Lower Production Output By Meat Plants Could Drive Up Prices At The Store
There are more than two-dozen COVID-19 outbreaks at North Carolina meat processing plants. That includes confirmed cases at the Tyson Foods plant in Wilkes County. With the pandemic straining the industry, it will likely mean higher meat and poultry prices for consumers.
The Tyson Foods plant in Wilkes County has had to halt production twice in the past week for more deep cleaning and because of worker absences related to COVID-19 quarantines and other factors. And they’re not alone. Several processing plants in the state and across the country are also struggling to keep operations going as more cases pop up.
Jeff Camm is a professor and the associate dean of business analytics at Wake Forest University.
Camm says it’s hard to tell what the economic impact of COVID-19 will be on the industry because it’s a fluid situation.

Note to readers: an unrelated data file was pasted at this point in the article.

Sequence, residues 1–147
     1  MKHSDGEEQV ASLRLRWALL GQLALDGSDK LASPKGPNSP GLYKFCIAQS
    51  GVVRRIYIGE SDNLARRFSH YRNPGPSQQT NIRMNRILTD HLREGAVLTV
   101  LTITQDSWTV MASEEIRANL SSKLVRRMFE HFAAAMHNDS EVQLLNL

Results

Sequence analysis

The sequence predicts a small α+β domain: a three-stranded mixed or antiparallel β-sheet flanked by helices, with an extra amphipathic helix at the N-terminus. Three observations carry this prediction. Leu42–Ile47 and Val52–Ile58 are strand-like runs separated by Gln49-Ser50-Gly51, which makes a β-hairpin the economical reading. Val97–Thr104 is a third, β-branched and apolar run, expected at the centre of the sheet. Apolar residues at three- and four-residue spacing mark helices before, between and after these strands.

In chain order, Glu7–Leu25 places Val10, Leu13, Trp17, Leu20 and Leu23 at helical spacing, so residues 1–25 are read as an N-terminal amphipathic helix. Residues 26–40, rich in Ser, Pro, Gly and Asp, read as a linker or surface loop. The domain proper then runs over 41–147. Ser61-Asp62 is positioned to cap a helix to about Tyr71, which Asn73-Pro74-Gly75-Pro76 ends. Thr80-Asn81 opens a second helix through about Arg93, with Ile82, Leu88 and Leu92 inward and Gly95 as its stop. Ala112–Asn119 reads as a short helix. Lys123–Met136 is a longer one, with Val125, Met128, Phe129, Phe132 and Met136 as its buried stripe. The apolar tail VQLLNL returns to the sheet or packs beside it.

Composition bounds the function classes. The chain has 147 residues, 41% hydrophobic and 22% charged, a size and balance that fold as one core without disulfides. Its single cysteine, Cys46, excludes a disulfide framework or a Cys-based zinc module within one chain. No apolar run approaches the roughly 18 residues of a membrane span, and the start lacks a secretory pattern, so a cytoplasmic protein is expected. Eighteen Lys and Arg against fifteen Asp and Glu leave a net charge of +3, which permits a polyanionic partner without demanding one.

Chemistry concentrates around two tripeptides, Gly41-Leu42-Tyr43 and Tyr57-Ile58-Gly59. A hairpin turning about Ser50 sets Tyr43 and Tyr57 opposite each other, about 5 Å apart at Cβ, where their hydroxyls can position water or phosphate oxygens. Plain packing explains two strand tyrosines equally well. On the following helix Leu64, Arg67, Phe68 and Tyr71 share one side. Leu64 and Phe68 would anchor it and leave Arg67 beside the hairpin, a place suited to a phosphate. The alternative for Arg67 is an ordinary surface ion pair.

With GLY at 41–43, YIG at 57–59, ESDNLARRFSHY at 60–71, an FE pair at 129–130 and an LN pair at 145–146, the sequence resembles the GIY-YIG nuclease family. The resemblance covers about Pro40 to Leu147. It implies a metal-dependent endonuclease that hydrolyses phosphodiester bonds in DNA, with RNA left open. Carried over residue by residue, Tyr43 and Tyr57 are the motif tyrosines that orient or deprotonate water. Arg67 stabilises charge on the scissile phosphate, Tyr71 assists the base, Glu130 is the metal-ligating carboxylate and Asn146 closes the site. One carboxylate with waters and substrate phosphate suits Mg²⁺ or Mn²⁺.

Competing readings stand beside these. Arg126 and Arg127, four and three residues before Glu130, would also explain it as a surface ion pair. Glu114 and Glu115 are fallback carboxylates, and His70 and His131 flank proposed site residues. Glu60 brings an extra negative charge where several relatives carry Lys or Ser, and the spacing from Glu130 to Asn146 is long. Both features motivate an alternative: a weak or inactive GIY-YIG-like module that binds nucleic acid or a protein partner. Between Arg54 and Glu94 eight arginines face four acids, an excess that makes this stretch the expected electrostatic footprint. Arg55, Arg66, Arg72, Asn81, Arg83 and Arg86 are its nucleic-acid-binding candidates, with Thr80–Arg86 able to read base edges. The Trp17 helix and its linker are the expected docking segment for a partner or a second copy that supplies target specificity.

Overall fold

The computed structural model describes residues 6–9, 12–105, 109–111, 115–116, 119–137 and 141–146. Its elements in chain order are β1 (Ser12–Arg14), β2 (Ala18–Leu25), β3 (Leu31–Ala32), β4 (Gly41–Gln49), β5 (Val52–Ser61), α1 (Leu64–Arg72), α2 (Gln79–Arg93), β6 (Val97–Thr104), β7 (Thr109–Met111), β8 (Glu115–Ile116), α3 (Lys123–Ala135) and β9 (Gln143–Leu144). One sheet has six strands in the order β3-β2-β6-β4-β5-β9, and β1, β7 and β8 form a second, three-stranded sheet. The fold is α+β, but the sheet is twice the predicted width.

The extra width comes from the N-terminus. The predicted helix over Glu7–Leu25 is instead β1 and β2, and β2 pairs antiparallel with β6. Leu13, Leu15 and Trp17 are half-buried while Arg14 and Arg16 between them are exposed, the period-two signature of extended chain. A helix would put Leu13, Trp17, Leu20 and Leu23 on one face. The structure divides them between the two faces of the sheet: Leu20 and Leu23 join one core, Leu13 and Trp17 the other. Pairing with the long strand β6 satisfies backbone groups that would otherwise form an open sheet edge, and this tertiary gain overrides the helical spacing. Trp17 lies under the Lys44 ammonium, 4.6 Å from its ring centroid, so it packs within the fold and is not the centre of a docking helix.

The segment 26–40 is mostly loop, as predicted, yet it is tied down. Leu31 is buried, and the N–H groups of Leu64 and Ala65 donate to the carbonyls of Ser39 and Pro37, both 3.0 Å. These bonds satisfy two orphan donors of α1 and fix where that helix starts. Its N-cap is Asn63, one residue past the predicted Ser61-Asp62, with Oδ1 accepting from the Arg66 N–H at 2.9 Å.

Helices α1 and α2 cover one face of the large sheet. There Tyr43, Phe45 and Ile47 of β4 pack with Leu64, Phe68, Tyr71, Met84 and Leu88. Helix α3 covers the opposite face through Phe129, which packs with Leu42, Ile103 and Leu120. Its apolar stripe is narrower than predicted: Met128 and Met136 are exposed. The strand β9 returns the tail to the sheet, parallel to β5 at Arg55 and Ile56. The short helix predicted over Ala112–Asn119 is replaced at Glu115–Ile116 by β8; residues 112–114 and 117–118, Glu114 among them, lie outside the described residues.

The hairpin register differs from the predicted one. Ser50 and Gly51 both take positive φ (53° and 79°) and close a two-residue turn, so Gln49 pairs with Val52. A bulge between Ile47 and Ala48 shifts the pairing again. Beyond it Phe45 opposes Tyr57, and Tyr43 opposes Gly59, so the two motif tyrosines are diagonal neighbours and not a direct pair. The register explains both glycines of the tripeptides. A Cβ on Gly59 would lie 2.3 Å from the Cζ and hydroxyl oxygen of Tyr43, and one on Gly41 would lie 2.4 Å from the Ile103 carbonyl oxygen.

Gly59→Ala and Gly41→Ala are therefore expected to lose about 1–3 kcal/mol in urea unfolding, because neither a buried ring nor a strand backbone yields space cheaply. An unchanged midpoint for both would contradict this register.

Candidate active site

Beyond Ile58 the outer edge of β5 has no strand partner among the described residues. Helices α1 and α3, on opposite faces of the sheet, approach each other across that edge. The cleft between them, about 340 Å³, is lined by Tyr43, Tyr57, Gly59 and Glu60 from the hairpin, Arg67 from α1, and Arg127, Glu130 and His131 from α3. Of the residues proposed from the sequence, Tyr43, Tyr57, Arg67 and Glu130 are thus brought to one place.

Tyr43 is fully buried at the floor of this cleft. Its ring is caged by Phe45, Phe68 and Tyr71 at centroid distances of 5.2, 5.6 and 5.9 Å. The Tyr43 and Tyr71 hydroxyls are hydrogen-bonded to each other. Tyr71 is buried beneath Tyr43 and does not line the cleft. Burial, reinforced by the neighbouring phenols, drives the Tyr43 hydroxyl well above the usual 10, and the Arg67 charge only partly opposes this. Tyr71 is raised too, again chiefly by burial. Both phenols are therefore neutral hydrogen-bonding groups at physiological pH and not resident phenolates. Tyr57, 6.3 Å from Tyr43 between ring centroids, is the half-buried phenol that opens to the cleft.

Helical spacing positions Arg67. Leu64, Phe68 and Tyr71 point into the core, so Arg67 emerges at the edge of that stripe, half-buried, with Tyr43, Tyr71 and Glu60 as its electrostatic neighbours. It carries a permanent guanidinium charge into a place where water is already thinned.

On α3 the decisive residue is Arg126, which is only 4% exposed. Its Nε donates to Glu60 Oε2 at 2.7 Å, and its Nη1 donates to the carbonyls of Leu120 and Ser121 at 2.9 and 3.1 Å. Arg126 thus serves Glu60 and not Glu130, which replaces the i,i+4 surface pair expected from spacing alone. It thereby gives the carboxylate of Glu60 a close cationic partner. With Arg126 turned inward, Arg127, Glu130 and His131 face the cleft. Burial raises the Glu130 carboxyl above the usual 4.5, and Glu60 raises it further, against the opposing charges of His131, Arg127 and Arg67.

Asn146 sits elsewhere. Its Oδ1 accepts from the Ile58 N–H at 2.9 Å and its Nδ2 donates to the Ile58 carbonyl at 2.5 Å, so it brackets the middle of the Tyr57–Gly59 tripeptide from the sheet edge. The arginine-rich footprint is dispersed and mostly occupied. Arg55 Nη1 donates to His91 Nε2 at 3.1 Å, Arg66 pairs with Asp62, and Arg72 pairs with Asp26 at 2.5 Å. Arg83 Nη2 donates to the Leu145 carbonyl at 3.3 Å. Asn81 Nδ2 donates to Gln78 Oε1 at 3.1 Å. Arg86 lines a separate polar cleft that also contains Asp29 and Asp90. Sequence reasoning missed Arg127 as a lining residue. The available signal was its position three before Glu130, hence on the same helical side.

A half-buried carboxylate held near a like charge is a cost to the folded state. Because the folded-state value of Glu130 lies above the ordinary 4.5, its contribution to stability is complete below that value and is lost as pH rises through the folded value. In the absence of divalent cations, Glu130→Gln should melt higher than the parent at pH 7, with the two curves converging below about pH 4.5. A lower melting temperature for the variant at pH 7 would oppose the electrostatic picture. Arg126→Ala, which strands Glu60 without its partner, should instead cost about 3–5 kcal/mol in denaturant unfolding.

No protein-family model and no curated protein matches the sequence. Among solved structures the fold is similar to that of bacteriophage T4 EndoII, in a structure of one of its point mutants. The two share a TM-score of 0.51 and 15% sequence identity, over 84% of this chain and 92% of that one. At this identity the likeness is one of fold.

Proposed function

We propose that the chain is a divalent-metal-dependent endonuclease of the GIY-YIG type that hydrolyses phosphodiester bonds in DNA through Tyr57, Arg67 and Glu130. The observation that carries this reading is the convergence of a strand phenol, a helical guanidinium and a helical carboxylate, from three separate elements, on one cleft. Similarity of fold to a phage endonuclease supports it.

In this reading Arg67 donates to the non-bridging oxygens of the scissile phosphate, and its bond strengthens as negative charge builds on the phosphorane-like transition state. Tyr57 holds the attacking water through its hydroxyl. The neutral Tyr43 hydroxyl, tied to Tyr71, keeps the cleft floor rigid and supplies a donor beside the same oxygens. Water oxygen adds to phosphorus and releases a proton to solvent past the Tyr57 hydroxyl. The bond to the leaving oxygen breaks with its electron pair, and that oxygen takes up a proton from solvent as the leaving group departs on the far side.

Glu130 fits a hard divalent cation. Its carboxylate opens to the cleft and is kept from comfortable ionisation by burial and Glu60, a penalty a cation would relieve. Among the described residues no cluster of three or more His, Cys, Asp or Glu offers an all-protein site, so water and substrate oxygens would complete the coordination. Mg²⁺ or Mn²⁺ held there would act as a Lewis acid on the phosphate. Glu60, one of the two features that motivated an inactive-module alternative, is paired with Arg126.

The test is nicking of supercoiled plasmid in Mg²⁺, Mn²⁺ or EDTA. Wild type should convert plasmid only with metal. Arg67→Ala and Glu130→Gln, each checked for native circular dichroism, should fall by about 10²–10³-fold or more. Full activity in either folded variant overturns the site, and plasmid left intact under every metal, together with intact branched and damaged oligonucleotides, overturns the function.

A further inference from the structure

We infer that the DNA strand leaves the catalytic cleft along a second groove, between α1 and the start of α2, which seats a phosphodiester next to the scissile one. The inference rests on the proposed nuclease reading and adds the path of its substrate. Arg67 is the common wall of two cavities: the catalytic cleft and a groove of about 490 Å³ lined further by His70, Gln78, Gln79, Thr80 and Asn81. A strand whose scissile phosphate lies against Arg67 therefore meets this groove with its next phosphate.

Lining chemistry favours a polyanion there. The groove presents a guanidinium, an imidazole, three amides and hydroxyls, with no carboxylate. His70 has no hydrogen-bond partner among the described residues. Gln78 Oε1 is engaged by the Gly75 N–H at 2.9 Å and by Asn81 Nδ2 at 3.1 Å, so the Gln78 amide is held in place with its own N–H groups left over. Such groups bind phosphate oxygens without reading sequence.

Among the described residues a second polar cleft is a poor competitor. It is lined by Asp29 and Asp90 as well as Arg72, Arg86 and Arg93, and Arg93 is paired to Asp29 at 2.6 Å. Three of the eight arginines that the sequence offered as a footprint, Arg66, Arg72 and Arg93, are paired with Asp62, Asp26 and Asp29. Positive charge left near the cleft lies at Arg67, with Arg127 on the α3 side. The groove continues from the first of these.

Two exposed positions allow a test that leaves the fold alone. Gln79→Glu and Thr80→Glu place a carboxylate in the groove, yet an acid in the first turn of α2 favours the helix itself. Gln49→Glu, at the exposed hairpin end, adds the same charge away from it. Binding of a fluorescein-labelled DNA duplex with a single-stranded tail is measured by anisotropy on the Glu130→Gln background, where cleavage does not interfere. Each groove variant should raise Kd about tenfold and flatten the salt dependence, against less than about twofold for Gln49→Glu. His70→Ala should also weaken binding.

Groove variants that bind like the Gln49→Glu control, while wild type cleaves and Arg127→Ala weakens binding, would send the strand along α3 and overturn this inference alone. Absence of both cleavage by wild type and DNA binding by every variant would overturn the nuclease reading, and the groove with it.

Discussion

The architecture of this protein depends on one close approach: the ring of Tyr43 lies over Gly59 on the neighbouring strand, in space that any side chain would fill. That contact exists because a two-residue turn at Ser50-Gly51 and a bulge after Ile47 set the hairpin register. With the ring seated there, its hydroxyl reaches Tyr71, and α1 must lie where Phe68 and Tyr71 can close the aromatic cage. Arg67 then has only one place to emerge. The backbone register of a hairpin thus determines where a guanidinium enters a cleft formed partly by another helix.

“Certainly workers being out, a decrease in capacity, even having to go in and reconfigure things so that people can be further apart so they can be safer when they process, all of that is going to have an impact on capacity of processing plants,” says Camm.
Camm says panic buying can also impact supply and drive up pricing for meat and poultry.
Some grocery store chains, including Harris Teeter, Food Lion, and Publix have already begun to limit the number of these products a customer can buy.
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